Blackbirdan online journal of literature and the artsSpring 2018  Vol. 17 No. 1
an online journal of literature and the arts
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Mid-February at Navy Pier

From the far end of the pier I can see where
the sprawl of skyscrapers stops. The taxi I took

is still parked, Venetian mask hanging from the rearview
mirror, its gold sequins dulled and eyes vacant.

At this time of year it is empty.
Surface indistinguishable from sky,

from the gray expanse of it all. Snow falls over the lake
behind me and sticks to the mounted binoculars at the railing.

The shore’s edge has frozen into a white strip of bone
holding the lake in place against the cement and docked boats.

I can’t name what pushed me
to return to this place

where the curved glass of the Crystal Gardens catches only
the blankness of the day above the stilled carousel

and Ferris wheel. The carnival whirling from the ’90s comes back
now, though is gone, mostly, from the pier.

Back then, when I was supposed to be
happy like the other children,

I felt shrunken in the crowds. A burnt glow hovered
around the carts with roasted pecans in paper cones

and vendors selling odd trinkets—long beads, polished stones,
cartoon figurines, wooden snakes perforated along the sides

so that when held at the tail
they careened in the air.

I couldn’t know then that all of it would come back,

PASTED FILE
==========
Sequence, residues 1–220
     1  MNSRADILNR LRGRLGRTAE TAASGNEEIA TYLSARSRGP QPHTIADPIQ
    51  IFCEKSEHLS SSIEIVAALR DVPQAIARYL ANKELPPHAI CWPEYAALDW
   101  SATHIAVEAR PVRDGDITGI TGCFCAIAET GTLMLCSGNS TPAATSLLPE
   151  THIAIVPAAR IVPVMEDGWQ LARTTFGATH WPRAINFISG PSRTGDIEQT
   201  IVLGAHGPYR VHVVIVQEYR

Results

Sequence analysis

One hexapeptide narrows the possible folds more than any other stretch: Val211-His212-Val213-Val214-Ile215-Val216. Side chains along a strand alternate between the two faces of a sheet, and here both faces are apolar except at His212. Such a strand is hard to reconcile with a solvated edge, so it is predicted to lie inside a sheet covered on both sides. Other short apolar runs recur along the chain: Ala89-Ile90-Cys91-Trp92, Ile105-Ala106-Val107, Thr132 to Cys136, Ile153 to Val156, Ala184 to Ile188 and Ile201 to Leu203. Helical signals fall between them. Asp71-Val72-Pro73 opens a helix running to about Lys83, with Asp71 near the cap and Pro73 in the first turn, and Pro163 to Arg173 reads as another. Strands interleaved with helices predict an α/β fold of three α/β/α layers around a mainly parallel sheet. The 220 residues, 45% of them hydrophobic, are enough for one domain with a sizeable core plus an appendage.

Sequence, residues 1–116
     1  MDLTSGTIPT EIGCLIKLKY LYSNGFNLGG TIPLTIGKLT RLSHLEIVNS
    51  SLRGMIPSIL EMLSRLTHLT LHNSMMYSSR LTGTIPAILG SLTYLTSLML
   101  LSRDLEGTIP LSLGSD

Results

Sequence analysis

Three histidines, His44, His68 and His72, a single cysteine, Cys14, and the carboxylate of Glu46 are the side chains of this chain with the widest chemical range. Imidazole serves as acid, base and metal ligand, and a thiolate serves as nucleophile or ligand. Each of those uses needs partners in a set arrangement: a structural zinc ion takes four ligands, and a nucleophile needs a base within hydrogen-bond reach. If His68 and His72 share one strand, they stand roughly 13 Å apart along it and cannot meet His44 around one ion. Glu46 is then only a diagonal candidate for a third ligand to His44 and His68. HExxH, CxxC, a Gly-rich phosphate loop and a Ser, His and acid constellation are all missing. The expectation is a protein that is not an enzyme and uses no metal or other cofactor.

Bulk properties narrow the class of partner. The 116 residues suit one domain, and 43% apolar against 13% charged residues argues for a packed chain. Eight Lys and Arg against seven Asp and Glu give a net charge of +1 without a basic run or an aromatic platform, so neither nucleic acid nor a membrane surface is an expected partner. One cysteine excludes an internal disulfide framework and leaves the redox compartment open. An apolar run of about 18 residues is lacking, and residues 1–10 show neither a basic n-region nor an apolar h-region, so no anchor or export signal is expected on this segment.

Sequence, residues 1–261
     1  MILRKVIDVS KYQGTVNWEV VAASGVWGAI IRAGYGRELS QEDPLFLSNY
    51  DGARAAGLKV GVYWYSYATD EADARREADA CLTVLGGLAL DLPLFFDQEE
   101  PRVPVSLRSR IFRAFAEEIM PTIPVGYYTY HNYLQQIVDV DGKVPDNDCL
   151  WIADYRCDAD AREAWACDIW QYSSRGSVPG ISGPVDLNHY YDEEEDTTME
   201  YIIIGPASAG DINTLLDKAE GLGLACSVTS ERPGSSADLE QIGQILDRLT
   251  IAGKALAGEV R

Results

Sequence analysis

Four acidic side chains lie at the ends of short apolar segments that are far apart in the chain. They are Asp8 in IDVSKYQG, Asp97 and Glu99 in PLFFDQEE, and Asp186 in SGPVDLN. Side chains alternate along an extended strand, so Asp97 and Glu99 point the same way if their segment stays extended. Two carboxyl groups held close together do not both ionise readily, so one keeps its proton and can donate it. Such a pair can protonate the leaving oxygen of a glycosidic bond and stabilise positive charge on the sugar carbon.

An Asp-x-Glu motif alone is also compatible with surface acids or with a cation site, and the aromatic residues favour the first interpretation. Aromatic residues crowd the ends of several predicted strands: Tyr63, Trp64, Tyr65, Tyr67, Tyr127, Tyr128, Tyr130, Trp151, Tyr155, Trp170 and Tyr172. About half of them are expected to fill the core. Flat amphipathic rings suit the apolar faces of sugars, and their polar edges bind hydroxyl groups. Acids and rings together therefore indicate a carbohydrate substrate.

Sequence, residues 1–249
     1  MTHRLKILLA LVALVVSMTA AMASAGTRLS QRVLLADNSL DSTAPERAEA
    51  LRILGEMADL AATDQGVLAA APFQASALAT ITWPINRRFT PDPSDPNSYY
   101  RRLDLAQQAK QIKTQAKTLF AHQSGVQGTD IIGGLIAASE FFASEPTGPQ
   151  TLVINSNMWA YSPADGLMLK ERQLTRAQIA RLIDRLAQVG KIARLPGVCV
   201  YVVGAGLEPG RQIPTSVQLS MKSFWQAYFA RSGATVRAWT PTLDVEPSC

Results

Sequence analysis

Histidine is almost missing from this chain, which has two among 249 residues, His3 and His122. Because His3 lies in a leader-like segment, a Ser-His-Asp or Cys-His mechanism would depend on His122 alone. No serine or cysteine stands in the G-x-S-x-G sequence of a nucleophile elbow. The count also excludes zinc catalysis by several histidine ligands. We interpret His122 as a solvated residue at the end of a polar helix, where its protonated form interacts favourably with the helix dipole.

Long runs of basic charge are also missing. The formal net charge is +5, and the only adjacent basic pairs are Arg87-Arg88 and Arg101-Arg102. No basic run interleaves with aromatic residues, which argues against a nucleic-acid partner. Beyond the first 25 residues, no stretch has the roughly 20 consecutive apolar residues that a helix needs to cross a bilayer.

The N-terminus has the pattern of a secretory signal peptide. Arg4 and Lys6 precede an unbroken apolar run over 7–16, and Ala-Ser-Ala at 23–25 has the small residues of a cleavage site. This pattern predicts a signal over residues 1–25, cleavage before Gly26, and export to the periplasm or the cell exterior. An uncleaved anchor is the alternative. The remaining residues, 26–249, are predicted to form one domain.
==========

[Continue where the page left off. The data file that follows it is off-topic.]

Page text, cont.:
that hollow terror of loneliness

above the carousel’s warped mirrors where a pale statue
of a woman’s head gapes downward at the horses frozen

mid-stride, their eyes blank
and teeth reared back in fury.

Her lips are painted red. I can’t place this fear, precise
only because it is recognizable now and still spins me

further into something insignificant. And what’s left
of that time wants to be significant.

The Ferris wheel spokes fan into clouds
that stretch themselves thin

like breath, breath the only thing a place becomes
after settling into memory. I turn my back

to the pier’s length and stare across the uneven surface
of the lake. Footsteps scratch over the salted ground,

then pause in front of me.
A woman twists a quarter

into mounted binoculars and peers away from all
she, too, can’t name, her figure almost vaporous.  

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